One of the many highlights at this year’s RISE Star Ratings Master Class was the results of the 2018 RISE/Engagys Survey on Healthcare Consumer Engagement. The survey, now in its third year, included 140 participants who represent the top health plans, provider systems, and pharmacy benefit managers. More than 70 percent of the respondents work in risk adjustment and almost half of them said they also work on Stars and HEDIS. In addition, more participants were from regional health plans, an increase of 26 percent compared to last year. This greater representation of regional plans may indicate their increased interest in consumer engagement, according to Kathleen Ellmore, managing director of Engagys. Here are seven takeaways from the survey results.

Consumer engagement is critical to succeed in an increasingly competitive health care market, but Kathleen Ellmore, managing director of Engagys, said research shows that most payers and providers still find it difficult to reach consumers.

Ellmore, who will discuss the state of engagement in health care at the 12th Annual Medicare Marketing & Sales Summit in Las Vegas in February, said Engagys data indicates that although leaders don’t treat engagement as a top priority, 70 percent indicate that their top leaders are paying more attention to engagement and risk adjustment. Unfortunately, data also shows that even though budgets have increased, they haven’t risen to the level of executive attention. In addition, leaders have not yet invested broadly in mobile applications and instead continue to primarily use paper letters to communicate to their health plan members. They also lack the infrastructure to coordinate marketing channels effectively and they still face data quality and compliance challenges.

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But the opportunities are enormous, she said, and the 2018 RISE/Engagys survey results show that health plans are beginning to move the needle on engagement. Here are seven of the survey’s key findings:

1. Executive attention to engagement continues to grow faster than budgets to support the efforts. More than 70 percent of participants said their top leaders are paying more attention to engagement and risk adjustment. However, 40 percent of respondents said their budgets haven’t changed from the previous year. And though 50 percent said they did see an increase in budgets, only 23 percent of their organizations bumped up their budgets greater than 10 percent to tackle engagement. Essentially this means organizations are trying to do more with less or must make better use of the budgets they have, said Ellmore.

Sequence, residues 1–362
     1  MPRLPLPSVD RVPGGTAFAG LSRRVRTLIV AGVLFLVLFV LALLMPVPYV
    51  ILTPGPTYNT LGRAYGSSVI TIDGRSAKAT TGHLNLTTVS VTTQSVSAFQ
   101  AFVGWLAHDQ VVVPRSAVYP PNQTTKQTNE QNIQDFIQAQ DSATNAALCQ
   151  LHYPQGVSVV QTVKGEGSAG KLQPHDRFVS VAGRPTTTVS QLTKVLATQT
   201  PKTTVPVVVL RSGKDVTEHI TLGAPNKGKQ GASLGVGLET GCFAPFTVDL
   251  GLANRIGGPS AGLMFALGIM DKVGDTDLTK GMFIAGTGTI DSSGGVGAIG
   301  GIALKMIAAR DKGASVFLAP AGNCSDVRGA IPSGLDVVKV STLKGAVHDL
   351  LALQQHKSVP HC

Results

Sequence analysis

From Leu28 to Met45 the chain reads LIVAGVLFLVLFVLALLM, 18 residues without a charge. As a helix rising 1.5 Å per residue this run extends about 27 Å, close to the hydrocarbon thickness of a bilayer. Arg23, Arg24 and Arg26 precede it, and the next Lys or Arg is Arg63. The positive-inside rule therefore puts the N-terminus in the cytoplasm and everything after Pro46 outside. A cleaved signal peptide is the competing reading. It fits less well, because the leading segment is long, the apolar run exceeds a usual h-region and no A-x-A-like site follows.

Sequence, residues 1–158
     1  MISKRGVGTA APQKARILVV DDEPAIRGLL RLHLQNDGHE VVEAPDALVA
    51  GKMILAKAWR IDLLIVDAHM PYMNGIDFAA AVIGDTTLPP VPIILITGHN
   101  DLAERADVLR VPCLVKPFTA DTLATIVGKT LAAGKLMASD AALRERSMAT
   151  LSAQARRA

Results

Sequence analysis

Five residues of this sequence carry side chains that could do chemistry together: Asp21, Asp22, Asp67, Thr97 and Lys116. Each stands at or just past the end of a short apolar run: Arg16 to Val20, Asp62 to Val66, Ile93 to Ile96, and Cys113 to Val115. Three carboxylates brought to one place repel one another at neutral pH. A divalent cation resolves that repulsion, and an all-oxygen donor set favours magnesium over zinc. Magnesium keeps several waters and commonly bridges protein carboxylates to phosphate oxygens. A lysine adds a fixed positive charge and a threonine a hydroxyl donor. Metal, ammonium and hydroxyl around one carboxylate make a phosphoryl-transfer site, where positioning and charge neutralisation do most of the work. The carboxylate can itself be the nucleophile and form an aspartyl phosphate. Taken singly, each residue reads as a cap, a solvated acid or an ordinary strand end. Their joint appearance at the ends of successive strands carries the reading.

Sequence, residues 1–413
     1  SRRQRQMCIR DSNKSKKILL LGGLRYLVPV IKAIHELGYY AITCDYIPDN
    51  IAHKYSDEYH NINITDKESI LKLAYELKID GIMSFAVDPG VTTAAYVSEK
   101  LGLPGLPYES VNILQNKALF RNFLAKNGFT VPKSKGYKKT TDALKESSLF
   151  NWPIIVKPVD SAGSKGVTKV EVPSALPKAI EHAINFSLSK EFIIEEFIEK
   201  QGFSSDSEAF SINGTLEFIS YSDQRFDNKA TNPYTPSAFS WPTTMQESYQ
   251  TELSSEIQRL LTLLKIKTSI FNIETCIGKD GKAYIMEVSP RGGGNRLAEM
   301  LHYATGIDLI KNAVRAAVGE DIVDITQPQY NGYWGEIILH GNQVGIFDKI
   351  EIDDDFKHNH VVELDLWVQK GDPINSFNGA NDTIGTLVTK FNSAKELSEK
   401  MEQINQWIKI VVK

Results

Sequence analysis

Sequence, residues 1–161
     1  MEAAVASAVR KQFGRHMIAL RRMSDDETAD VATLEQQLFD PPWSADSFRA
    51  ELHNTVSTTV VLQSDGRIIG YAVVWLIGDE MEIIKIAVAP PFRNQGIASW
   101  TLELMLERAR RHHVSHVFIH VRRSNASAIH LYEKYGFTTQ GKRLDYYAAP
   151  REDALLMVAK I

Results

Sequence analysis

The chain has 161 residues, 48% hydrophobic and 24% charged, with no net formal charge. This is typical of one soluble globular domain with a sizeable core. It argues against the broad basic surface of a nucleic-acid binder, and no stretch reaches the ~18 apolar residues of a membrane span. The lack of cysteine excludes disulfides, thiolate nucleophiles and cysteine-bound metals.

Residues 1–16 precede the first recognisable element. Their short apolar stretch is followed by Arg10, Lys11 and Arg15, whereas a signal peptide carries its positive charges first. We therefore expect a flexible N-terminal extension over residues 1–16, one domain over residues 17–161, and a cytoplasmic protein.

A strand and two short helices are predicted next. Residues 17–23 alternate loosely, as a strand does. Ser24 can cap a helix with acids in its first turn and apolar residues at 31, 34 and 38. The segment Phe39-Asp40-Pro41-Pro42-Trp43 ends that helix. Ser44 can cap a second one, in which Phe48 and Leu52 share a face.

2. Call center agents remain the most commonly used engagement channel. For the second year in a row, organizations cited the use of call center agents as their preferred choice for engagement. While the use of call agents is up, Ellmore said email use and co-branded materials from health plans and the provider groups are down.

3. Working with nurses and care coaches is cited as the most effective tactic. Physician coordination comes in a close second. Text messaging and co-branded materials were reported to be less effective than last year but were only tried by 20 percent of the participants, according to Ellmore. Organizations may be challenged to figure out how to use the channel effectively if it can’t be personalized.

4. A/B testing methods are now used by 8 out of every 9 mid‐to-large sized teams. A/B testing has become more pervasive every year and is up 72 percent since 2016 and used by 89 percent of teams with six or more people. The increase is significant, Ellmore said. It allows organizations to test various interventions and find out what consumers will really do, versus what they say they do. “Being able to take behavioral data and see what consumers do with interventions is powerful and predictive,” she said.

5. Data access remains a significant impediment. Slightly more than 44 percent of the survey respondents said data access has impeded their ability to be successful. But that’s not new. It’s been a top significant impediment since 2016 (30 percent in 2016 and nearly 28 percent in 2017). “Health care is swimming in data, but how we use it is a critical piece. I see great work around claims data. That’s what consumers did. But how we got consumers to do it, the engagement data, that’s the new frontier. Pairing those two data streams uncovers the ‘how’ of how you drive behavior change,” Ellmore said.

6. Health plans that are forward-thinking on mobile are also ahead on other consumer facing technologies. Seventeen percent of the plans that were working on mobile also said they were working on artificial intelligence, personal digital assistants, and virtual reality. But of the 82 percent who said they weren’t working on mobile, only one percent said their organization was working on artificial intelligence.

7. Even among early adopters of consumer engagement, there is confusion and challenges about the best use of new technologies. Ellmore reported these challenges: legacy systems, siloed organizations, lack of captured preferences, limited governance, uncoordinated/integrated ecosystems, and no best practices on new technologies. “Engagement is still in its infancy,” she said. “But those organizations that figure out how to overcome those legacy systems and siloed communications and can harness new technologies will have an advantage.”